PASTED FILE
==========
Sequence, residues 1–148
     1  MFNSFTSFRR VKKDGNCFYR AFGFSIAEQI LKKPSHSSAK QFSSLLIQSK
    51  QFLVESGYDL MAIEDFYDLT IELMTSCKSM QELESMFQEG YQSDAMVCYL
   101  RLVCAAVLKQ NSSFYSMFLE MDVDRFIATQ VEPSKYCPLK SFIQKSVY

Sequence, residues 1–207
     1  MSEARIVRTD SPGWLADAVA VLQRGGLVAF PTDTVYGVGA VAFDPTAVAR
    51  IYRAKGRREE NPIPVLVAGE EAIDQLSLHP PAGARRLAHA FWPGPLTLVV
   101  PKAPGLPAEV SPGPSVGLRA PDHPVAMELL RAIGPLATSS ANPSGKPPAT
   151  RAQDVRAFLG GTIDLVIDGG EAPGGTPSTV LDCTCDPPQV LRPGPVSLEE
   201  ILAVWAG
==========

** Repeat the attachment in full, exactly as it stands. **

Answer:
Sequence, residues 1–148
     1  MFNSFTSFRR VKKDGNCFYR AFGFSIAEQI LKKPSHSSAK QFSSLLIQSK
    51  QFLVESGYDL MAIEDFYDLT IELMTSCKSM QELESMFQEG YQSDAMVCYL
   101  RLVCAAVLKQ NSSFYSMFLE MDVDRFIATQ VEPSKYCPLK SFIQKSVY

Sequence, residues 1–207
     1  MSEARIVRTD SPGWLADAVA VLQRGGLVAF PTDTVYGVGA VAFDPTAVAR
    51  IYRAKGRREE NPIPVLVAGE EAIDQLSLHP PAGARRLAHA FWPGPLTLVV
   101  PKAPGLPAEV SPGPSVGLRA PDHPVAMELL RAIGPLATSS ANPSGKPPAT
   151  RAQDVRAFLG GTIDLVIDGG EAPGGTPSTV LDCTCDPPQV LRPGPVSLEE
   201  ILAVWAG